In a range-extended EV, the priority is on electric driving, and the range extender is only used as a backup. In the BMW i3, the two-cylinder gasoline engine can add approximately 100 kilometres to the vehicle’s range once the battery approaches depletion. These range-extended EVs are not very common.

Plug-In Hybrid Electric Vehicle (PHEV)

Common Name

Plug-In Hybrid

Some Examples

Toyota Prius Prime, Chrysler Pacifica PHEV, Kia Sorento PHEV, Toyota RAV4 Prime, Jeep Wrangler 4Xe

What is a PHEV?

The PHEV is a unique vehicle that sits somewhere between a hybrid and a full EV.

In simplified terms, the PHEV works like a regular hybrid, but with a major alteration to its battery. Compared to a regular hybrid, the PHEV battery has a much higher capacity – so high, in fact, that a full battery charge cannot be achieved solely via the on-board generator and requires plugging into an electrical outlet or charging station.

A PHEV is like a hybrid, but with additional battery capacity for extended all-electric driving. With a fully charged battery, a PHEV can typically drive for somewhere in the neighbourhood of 25 to 50 kilometres solely on stored battery power. Once that range is used up, the vehicle works like a normal hybrid, until it is recharged again.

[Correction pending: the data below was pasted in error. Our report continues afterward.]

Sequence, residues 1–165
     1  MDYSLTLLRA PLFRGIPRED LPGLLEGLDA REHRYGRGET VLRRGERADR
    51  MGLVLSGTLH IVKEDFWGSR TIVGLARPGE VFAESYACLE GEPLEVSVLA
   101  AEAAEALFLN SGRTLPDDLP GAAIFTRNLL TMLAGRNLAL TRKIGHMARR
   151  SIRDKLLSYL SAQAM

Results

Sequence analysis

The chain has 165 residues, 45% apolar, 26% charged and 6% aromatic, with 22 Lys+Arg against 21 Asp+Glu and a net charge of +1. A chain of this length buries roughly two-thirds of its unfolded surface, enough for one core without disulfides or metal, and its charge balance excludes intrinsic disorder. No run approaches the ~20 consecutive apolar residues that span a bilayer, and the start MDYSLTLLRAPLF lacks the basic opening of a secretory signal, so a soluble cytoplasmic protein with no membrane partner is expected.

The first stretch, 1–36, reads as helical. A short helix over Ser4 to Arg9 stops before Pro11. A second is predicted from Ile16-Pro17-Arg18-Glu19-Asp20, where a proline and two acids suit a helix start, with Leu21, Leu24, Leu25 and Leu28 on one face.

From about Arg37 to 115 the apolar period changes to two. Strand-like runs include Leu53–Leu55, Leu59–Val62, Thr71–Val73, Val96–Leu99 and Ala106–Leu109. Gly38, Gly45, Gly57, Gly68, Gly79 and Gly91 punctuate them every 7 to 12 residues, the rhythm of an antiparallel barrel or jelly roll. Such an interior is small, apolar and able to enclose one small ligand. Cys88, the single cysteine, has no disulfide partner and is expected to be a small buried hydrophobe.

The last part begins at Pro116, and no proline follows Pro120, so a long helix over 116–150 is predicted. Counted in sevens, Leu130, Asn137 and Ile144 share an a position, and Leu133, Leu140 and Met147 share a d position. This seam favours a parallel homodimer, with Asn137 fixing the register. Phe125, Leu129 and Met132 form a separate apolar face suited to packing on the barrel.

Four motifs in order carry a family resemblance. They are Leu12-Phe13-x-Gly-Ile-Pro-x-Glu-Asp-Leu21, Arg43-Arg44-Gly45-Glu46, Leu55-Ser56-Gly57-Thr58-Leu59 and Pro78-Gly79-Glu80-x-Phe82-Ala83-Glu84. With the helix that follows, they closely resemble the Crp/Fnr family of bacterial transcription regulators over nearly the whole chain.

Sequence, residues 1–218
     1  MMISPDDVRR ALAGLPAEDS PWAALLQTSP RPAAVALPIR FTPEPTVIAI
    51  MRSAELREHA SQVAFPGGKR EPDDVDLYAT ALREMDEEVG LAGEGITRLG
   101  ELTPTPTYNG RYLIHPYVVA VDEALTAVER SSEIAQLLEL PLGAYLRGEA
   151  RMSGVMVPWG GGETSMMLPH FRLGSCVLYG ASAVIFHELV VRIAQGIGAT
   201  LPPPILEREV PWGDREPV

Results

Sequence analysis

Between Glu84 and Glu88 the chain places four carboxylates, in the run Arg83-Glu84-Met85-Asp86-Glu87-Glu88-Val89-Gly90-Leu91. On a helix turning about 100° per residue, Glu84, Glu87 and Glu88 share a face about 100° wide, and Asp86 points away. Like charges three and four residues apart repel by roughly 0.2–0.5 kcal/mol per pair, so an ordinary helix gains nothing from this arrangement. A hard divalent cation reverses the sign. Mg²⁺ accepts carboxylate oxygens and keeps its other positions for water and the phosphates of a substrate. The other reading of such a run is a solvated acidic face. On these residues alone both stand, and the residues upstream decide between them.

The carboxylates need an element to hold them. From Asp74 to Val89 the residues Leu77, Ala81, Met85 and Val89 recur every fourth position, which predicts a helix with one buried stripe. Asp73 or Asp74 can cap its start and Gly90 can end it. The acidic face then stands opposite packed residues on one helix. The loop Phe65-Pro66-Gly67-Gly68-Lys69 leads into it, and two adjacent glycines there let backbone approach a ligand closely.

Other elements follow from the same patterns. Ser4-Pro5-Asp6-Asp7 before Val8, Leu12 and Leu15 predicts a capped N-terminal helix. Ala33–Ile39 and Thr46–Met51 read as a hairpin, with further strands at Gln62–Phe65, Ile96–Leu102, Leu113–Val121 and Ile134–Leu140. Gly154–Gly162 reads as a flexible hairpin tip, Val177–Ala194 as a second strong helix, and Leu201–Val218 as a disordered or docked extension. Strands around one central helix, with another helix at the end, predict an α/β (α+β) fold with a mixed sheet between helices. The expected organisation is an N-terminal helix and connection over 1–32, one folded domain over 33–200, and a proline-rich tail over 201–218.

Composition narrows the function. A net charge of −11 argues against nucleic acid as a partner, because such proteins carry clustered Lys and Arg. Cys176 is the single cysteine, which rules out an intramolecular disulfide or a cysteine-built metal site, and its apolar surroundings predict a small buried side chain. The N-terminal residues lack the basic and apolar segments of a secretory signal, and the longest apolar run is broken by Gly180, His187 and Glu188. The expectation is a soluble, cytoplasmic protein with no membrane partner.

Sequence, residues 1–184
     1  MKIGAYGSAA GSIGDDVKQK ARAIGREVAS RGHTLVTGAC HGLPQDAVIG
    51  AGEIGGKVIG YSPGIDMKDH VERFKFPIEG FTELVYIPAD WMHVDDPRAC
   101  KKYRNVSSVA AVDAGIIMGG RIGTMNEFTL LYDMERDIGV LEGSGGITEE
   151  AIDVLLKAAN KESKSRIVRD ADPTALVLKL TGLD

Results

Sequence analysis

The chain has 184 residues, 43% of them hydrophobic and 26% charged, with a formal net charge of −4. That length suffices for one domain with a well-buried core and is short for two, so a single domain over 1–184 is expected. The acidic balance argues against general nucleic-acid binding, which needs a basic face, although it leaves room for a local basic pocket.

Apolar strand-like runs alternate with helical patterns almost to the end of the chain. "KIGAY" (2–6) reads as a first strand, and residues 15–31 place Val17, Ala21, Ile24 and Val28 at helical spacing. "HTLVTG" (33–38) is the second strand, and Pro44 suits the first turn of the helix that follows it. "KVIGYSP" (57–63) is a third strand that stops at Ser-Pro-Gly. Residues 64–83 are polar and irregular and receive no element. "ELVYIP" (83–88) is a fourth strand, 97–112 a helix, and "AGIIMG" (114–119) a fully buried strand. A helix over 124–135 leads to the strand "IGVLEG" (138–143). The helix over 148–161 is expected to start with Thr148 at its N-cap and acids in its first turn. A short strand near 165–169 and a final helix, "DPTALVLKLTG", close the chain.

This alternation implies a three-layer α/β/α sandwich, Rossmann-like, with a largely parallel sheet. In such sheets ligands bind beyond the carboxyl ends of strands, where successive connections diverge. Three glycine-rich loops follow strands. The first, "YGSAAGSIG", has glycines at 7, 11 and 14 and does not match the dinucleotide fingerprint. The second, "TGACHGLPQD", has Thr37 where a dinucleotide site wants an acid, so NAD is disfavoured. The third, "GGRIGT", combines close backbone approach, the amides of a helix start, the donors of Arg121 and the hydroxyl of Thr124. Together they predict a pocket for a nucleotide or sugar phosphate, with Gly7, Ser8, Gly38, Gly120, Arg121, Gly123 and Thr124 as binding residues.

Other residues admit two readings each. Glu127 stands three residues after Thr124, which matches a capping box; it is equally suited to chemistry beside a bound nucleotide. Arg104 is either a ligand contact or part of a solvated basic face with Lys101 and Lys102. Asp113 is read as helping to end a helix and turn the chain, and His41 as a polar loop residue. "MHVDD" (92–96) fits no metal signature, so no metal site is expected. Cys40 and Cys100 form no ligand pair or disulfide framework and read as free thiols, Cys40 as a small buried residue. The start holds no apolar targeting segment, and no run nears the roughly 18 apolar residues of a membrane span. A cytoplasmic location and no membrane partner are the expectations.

On short trips, the PHEV operates like an EV, using no gasoline. But, unlike an electric vehicle, the PHEV can revert to regular hybrid operation once its EV range is depleted, using gasoline and self-generated electricity, for hundreds of kilometres of additional driving.

In a PHEV, drivers get the benefits of all-electric motoring on shorter trips and commutes, and full hybrid driving range after that. Even if you’re unable to recharge the PHEV for an extended period of time, the vehicle will still function fully as a conventional hybrid. Charging your PHEV reduces its fuel use, but it’s never mandatory.

With a fully charged battery and a full tank of fuel, PHEV driving range is on par with a conventional vehicle.